The purpose of the present study is to determine the predictive ability of risk propensity, risk norm and risk perception on escalation of commitment behaviour. To fill the gap and determine whether or not risk propensity is fully mediated by risk perception.
Therefore the following hypotheses were stated:
Hypothesis
1.         Risk propensity, risk norm and risk perception will independently and jointly predict escalation of commitment behaviour.
2.         Risk norm will partially mediate the effect of risk propensity on risk perception.
Method
Design
 An experimental research was conducted.  The independent variables are risk propensity, risk perception and risk norm. Dependent variable is escalation of commitment behaviour. The dependent variable is escalation of commitment behaviour.
Participants
102 Masters of Business Administration(MBA) students of Lagos State University Ojoo, Lagos who participate in decision making in various organizations including service, engineering, marketing and financial institutions, following Wong (2005) suggestion for future research. Lagos is a commercial nerve centre in Nigeria. Participants voluntarily took part in the study 61 (59.8%) were males and 41 (40.2%) were females. Their mean age was 36.49 and standard deviation of 5.62 with age ranging from 25 to 51. The mean working experience is 9.26 and standard deviation of 6.02 with working experience ranging from 1 to 28 years.     Choice of participants was in line with Biyalagorsky, Boulding and Staelin (2001) pattern of study.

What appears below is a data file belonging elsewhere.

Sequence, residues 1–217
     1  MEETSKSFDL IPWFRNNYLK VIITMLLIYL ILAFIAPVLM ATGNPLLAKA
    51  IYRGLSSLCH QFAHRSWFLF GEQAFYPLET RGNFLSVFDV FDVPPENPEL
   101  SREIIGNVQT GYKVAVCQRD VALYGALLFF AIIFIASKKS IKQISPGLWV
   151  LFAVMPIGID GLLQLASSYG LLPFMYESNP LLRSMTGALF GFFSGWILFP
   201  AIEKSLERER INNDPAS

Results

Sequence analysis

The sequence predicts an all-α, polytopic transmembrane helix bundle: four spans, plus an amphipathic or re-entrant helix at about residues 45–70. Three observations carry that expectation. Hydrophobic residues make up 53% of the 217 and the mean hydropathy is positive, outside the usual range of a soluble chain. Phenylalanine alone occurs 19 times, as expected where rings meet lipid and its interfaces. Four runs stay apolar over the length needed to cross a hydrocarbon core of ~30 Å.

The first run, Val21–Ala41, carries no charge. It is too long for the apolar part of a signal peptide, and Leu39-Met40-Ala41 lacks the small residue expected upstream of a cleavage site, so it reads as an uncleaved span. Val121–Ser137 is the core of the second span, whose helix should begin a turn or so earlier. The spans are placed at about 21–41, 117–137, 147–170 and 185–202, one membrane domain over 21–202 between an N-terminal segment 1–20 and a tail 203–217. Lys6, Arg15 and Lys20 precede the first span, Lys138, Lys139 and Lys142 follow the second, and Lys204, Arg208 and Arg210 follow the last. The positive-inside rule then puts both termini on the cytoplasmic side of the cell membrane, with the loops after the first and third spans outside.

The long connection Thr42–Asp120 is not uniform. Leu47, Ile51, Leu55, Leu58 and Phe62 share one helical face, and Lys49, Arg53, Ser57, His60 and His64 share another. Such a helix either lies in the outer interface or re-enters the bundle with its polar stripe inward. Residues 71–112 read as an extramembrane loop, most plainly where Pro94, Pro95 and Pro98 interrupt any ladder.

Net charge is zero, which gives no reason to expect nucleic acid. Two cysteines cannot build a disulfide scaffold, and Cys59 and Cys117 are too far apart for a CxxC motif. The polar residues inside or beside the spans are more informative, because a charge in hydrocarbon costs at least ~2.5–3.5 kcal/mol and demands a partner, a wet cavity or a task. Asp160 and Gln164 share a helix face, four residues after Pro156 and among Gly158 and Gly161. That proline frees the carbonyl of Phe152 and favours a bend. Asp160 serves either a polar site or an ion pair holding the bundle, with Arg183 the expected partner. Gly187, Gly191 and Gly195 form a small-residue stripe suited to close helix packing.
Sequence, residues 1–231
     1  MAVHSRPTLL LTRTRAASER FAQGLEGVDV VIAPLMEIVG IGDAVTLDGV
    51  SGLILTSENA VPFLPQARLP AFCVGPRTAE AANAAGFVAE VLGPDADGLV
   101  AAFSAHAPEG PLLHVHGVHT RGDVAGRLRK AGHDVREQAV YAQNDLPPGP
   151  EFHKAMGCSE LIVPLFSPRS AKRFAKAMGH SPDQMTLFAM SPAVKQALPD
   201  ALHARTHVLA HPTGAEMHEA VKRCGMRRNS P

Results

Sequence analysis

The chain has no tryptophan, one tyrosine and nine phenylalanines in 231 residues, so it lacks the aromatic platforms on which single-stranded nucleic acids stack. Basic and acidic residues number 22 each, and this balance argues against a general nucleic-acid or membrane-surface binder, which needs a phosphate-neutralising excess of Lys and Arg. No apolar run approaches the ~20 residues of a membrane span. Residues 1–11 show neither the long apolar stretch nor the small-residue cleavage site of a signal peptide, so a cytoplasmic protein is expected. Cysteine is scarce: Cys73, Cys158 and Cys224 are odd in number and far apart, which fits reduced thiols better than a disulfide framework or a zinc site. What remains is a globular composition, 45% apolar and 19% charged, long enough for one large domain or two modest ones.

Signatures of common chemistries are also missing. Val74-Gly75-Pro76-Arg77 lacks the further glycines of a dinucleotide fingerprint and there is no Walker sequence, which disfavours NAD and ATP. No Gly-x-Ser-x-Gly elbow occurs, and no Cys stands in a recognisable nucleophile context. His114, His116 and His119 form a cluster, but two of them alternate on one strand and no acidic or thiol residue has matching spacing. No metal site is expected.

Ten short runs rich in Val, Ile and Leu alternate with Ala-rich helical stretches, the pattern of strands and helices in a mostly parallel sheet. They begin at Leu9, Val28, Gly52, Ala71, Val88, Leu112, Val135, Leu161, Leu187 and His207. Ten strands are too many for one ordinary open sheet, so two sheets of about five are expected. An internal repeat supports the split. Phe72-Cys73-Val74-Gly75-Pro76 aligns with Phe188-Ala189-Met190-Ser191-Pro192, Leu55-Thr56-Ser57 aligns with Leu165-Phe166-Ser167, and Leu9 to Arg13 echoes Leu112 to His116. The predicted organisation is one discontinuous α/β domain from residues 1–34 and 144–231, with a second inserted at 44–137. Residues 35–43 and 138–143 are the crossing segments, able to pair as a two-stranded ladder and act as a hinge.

Instrument
The instrument used in this study is in a questionnaire form. Escalation of commitment behaviour was measured with a scenario modified from Arkes and Blumer (1985). Other studies (Conlon & Garland, 1993; Moon, 2001; Wong, 2005) used the scenario. Escalation of commitment behaviour was measured as the willingness to give further funding to marketing a product. The participants were asked to give willingness rating ranging between 0 percent (absolute no) and 100 percent (absolute yes). 
Risk propensity was measured with a 5 item scale developed by Sitkin and Weingart (1995). This scale asked participants to rate their tendency to make risky decision from 1 (very weak) to 7 (very strong). Wong (2005) reported (µ = 0.65). The present study reported Cronbach’s alpha of 0.74